Jim Grant questions the levels of levity in the stock market in his recent issue of Grant’s Interest Rate Observer.
Formula for stock price valuation off
Citing financial basics, Jim Grant writes: “Repeat after us, Chartered Financial Analysts: The price of a common stock is the present value of the sum of its future cash flows discounted by an appropriate rate of interest (the risk-free rate pus some premium),” Grant notes, citing statistics that only 14.8 percent of time the 10-year Treasury yield has been below 3%.
“Life would be simpler if humans responded to the dividend discount model as obediently as bricks do to the law of gravity.”
“If the discount rate is depressed, the present value of a projected stream of corporate cash flow is reciprocally inflated,” he noted, then humorously commented on the current market levity, saying “Life would be simpler if humans responded to the dividend discount model as obediently as bricks do to the law of gravity. But, of course, nothing about the interaction of people in markets is cut and dried.”
Noting the competitive nature of free markets, Jim Grant ranted on. “Most profitable business niches last only as long as the competition takes to discover them. They vanish when a swarm of imitators attacks the innovator with a better idea, lower prices or both at the same time. As the economists say, returns are mean reverting,” pointing to a potentially improperly valued stock market.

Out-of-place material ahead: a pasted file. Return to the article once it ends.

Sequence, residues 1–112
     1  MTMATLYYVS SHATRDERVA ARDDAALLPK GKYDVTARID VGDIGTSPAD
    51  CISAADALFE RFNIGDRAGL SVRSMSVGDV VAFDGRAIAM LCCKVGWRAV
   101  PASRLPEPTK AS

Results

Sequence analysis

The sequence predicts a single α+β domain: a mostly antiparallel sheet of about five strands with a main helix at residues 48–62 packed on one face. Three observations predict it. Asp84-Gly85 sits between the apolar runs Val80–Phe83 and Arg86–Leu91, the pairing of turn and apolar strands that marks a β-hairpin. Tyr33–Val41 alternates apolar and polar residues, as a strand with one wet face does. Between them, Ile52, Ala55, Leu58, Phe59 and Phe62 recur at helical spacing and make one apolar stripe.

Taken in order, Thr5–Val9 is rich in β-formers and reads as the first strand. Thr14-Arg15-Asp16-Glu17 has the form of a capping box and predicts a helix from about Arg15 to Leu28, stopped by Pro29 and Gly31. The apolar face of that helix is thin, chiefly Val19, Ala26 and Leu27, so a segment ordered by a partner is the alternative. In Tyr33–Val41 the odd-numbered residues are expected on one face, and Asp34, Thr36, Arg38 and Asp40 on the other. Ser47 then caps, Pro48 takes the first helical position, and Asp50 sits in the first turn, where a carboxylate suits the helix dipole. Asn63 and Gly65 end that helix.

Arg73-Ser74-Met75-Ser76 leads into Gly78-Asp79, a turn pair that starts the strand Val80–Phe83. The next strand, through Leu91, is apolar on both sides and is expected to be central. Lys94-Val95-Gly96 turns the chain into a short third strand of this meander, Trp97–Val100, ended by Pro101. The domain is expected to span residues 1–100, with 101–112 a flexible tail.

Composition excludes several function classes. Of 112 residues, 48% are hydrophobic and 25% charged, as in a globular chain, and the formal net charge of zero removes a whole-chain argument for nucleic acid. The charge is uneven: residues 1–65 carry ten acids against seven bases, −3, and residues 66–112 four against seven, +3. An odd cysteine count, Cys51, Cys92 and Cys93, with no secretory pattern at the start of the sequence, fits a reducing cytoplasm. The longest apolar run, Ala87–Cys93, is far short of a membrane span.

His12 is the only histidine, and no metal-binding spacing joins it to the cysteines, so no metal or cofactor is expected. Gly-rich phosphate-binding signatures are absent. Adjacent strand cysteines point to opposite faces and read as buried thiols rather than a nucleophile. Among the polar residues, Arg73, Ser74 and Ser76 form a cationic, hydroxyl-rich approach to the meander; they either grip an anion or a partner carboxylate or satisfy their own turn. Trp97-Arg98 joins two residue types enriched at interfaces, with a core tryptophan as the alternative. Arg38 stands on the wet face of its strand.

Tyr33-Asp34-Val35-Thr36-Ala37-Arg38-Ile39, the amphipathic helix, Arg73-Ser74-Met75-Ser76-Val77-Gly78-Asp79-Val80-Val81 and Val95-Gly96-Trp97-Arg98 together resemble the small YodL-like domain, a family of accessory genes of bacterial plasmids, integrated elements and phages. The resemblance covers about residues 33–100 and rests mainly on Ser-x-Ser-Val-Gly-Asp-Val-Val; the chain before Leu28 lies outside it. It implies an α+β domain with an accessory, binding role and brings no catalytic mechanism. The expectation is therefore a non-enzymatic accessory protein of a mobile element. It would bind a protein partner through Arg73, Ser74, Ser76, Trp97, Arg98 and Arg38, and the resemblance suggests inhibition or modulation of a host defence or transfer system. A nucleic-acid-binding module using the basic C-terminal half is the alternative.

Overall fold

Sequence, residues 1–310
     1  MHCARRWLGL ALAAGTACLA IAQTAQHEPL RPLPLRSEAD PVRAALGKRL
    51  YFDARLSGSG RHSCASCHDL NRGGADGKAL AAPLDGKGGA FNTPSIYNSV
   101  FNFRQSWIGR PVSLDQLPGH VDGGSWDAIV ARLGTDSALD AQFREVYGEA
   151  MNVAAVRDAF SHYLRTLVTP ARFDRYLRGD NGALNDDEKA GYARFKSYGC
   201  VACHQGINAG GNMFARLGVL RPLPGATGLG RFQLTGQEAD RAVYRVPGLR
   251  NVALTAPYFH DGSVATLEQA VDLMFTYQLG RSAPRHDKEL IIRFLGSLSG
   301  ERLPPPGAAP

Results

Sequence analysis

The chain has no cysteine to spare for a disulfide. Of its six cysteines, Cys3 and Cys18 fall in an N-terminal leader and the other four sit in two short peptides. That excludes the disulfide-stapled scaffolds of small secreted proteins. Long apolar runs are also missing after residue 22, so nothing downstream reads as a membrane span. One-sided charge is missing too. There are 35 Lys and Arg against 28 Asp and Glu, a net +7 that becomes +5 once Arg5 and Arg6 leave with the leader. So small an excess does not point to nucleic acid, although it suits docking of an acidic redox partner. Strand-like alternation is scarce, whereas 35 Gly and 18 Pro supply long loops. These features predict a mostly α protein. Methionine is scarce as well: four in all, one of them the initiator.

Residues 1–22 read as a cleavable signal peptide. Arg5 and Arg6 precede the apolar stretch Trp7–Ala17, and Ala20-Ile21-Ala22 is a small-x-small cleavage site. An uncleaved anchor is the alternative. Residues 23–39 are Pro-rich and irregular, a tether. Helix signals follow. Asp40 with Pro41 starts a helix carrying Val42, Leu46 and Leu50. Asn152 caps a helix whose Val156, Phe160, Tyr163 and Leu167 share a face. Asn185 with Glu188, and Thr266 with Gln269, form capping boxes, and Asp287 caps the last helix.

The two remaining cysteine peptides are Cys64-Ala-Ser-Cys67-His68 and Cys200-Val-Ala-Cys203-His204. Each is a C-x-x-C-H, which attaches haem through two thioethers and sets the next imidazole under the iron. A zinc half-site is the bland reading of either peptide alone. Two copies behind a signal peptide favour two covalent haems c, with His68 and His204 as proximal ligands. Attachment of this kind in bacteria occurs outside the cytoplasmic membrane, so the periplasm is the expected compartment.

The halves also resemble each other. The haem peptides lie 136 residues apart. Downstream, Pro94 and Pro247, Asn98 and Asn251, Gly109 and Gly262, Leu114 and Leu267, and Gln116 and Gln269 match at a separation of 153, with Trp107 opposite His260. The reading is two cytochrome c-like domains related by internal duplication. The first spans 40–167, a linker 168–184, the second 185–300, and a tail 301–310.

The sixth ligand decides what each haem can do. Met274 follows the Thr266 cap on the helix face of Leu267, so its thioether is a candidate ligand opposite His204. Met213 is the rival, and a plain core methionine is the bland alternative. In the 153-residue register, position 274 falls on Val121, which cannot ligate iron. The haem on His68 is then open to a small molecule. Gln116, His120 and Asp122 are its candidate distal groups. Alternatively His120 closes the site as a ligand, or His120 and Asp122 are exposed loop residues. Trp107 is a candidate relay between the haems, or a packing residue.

Jim Grant: Fed distorting markets
Then Jim Grant turned to a favorite topic, the US Federal Reserve: “We are adamant that the Fed has distorted asset values that we stop short of calling the S&P 500 an air castle. Federal Reserve policy has made Wall Street a kind of hall of mirrors,” he writes. “How much higher the market is today than it would otherwise be, we don’t claim to know. At current valuations, in the context of prevailing profit margins and bond yields, the broad market is more highly valued than it would appear at a glance. Even at a glance, it isn’t cheap.” Then Grants notes the S&P 500 is trading at 17 times earnings, the Russell 2000 (INDEXRUSSELL:RUT) at 20.9 and the iShares NASDAQ Biotechnology Index (ETF) (NASDAQ:IBB) at a stratospheric 628.5.
“We’ve never seen the likes of the past five years”
Markets are distorted, yet, as New York Fed president William Dudley said in a recent Wall Street Journal interview, the market hasn’t collapsed yet, so is there a problem? “What we think we know is that markets are distorted and are likely to remain so,” Jim Grant writes. “We may observe that, with respect to monetary policy, we have never seen the likes of the past five year. We do not now contend that the stock market is off its rocker, only that it seems to hold more risk than reward.”